It can be stated with relative ease that Beethoven’s life was not easy. Throughout all his troubles however one situation in particular stands out, his relationship with his nephew Karl. It was the source of much misery, wasted energy and lost time.
Beethoven’s relationship with his brothers, of which he had 2, was never a peaceful one. When Beethoven’s brother, Kaspar, died in 1815 Ludwig took on the responsibility of taking full time care of his young nephew Karl. A number of bitter custody battles ensued with the boys natural mother however Beethoven was successful in the courts to secure the full and exclusive rights for the guardianship of Karl.
Beethoven poured many of this future hopes, dreams and plans into making the boy something he was simply not. It is said that Karl had a difficult personality anyway and there was always a lot of friction between the two causing them both much pain and heartache. It was a case of two immovable objects colliding.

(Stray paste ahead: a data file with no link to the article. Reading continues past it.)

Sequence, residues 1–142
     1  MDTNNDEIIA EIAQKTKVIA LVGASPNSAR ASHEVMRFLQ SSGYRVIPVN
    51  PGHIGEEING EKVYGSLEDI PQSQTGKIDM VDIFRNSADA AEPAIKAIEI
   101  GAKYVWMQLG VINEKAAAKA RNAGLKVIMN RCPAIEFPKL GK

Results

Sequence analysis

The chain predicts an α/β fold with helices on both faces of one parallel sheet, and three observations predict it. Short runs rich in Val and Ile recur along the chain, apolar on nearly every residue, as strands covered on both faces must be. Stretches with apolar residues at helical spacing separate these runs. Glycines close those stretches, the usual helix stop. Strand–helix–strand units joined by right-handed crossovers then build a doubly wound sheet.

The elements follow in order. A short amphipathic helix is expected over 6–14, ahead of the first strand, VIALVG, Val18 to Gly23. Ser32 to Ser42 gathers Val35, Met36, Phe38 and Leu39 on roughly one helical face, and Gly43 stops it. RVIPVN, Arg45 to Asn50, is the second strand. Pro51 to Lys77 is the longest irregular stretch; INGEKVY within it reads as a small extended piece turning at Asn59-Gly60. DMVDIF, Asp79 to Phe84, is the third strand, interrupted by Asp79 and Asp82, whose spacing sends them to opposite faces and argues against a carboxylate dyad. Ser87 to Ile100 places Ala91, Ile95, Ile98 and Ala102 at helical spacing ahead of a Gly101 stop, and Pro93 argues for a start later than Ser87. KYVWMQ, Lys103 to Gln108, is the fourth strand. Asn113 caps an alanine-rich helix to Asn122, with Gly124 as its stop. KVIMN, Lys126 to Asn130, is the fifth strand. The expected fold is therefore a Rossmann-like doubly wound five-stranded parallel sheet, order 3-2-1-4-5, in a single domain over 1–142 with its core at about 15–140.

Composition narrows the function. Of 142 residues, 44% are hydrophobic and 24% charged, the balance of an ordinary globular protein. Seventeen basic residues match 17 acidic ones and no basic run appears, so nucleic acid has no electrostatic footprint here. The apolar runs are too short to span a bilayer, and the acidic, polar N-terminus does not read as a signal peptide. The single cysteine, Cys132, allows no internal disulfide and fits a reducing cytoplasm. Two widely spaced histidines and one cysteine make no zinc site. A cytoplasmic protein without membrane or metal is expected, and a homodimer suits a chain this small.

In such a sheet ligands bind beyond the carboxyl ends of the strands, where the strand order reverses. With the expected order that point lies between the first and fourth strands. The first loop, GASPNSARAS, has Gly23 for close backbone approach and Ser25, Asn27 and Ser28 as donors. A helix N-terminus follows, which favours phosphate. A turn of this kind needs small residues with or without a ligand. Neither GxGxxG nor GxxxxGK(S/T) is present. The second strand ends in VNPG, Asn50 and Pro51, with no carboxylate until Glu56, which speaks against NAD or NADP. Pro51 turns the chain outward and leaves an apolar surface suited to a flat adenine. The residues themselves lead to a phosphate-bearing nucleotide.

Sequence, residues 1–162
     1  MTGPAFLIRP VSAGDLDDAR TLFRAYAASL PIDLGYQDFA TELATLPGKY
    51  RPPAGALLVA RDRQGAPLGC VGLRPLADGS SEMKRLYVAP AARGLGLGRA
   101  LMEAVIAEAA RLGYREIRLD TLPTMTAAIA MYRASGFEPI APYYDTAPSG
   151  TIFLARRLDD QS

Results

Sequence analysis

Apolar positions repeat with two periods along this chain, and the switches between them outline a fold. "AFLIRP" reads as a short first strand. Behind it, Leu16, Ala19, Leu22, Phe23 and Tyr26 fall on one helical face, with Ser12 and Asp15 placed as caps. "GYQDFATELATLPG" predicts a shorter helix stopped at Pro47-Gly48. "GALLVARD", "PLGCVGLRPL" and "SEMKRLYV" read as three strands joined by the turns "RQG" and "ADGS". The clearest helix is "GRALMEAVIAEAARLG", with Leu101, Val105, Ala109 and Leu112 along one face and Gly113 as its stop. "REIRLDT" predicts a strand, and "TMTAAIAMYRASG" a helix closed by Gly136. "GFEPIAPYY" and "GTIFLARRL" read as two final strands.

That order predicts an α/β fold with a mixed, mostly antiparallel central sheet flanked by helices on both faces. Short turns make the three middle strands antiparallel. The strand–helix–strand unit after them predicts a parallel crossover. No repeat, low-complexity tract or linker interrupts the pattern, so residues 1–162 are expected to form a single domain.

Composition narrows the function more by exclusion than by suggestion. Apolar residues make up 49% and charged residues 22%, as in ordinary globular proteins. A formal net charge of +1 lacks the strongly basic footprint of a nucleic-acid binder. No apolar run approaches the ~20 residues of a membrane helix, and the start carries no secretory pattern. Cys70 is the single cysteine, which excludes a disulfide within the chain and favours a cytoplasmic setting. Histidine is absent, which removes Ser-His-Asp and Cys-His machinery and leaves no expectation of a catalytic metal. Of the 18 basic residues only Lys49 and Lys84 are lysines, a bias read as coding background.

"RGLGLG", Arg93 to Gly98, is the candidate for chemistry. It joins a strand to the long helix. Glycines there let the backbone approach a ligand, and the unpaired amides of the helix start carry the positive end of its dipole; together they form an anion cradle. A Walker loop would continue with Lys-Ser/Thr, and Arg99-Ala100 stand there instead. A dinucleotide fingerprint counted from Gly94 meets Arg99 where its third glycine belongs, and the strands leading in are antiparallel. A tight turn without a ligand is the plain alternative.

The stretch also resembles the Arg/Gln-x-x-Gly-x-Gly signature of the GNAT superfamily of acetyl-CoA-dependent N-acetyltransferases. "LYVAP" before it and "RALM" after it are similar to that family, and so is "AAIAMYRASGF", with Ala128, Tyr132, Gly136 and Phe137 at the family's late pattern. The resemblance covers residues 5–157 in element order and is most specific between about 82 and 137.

The combined pressure of failing to live up to his uncles grand expectations along with gambling debts he couldn’t pay led Karl to attempt suicide at the age of 22 by shooting himself. He survived but the relationship between them had been damaged forever. In the saddest of endings Karl joined the Austrian army and it was the last time Beethoven would ever see him.
There is in fact a famous book which demonstrates there relationship living in a house together. The book is entirely fact and made up of the scrapbooks Karl would write on in order to communicate with his deaf uncle. They reveal a stormy relationship but also show genuine moments of loving care and consideration plus no small amount of humor. For much of the time that Beethoven devoted himself to bringing up Karl he composed nothing, not a single note for years.